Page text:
From a procedural point of view, for instance, concerning the means of communication, arbitrators should not go to the extreme of sending each mail by two or three forms of communication, save for the most important acts. Likewise for the timetable: the arbitrator may reduce the time if there is no submission by the defaulting party.

Regarding the drafting of the award, the arbitrator must make sure to give the potential judge of who would deal with a request for annulment, sufficient information regarding the proper conduct of the proceedings.

On the other hand, it is desirable that the arbitrator analyzes the reasons for the party’s default: is this an intentional non-attendance? Does the recalcitrant party have a strategic interest in refusing to participate in the arbitral proceedings?  Are there any jurisdictional objections? Parallel proceedings? Conversely, is it an involuntary default? Does the defaulting party lack funding? The knowledge of these circumstances may change the perception of the arbitrator.

The manifestations of the party’s default may sometimes confuse the arbitrator: how to react when faced with an intermittent participation of a party? Similarly, in the event of late appearance of a party, should the arbitrator reopen the proceedings?

Finally, where a party is represented by bad counsel, is such a situation not comparable, in fact, to that party’s default, or even worse?

Subject to these reservations, the difficulties encountered by arbitrators should not be overestimated, because, as the speaker concluded, when facing a challenge, it is necessary to analyze the issues one by one and this must be done with creativity, by relying on one’s own experience.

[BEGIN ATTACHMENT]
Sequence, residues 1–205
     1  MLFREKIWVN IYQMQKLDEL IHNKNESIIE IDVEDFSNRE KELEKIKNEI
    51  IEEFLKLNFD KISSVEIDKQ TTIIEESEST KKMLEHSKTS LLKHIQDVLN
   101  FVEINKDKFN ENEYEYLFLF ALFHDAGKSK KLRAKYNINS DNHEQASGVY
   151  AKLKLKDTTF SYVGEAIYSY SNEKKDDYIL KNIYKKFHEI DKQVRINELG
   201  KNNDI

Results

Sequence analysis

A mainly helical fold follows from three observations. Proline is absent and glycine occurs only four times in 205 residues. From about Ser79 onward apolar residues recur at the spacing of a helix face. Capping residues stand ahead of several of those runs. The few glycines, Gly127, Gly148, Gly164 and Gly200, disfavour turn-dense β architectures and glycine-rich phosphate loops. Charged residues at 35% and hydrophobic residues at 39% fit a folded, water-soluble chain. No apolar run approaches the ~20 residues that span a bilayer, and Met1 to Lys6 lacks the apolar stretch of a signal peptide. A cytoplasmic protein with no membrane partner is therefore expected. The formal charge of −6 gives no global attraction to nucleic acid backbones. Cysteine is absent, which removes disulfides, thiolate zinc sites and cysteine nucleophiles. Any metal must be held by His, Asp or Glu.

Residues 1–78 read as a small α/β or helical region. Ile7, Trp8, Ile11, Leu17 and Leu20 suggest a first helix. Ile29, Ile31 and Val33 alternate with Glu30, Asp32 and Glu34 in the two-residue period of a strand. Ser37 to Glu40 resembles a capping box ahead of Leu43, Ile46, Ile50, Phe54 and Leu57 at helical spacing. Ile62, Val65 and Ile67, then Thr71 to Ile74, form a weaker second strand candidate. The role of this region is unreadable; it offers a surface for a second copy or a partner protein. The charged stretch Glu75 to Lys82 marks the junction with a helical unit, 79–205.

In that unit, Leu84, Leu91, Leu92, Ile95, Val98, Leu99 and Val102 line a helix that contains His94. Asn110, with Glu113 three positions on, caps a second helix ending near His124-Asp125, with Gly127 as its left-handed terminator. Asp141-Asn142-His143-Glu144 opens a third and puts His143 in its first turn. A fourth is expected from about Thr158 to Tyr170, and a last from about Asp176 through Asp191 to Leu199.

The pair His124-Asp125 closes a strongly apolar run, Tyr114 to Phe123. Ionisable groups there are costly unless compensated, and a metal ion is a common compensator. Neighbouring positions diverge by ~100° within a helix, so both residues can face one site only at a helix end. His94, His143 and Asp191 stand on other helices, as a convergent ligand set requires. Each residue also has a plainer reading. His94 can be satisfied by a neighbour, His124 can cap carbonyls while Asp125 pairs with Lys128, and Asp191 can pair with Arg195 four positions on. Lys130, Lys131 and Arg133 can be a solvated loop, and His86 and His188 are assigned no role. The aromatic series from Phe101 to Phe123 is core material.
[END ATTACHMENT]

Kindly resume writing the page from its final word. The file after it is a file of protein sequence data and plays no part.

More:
Following these presentations, the participants exchanged views with the speakers.

The speakers noted the difficulty that the arbitrator may have in conceiving their role in default arbitral proceedings.

A difficulty which is particularly felt when the proceedings are inquisitorial and arbitrators are called upon to play a much more active role; in this case, it could be concluded that the proceedings have changed their nature.

A participant stated that

«arbitrators are not examining judges and must not go beyond what is necessary».

However, arbitrators, as judges, must have the necessary elements to accomplish their mission and render a “good” award.

Finally, it was indicated that the arbitrators’ roles change, depending on the reason for the party’s default:

  • If its default is deliberate, the party is in breach of the arbitration contract. The arbitrator should not go beyond the documents submitted to him.
  • On the other hand, where the default is not intentional, but rather suffered by a party (for example, because it lacks sufficient financial resources to submit to arbitration), arbitrators should conceive their role in the arbitration in a much more active way.

To participate in a next session, visit the blog “Wake up (with) Arbitration“, their LinkedIn group, or via their contact form.

Caroline Duclercq & Violette Savine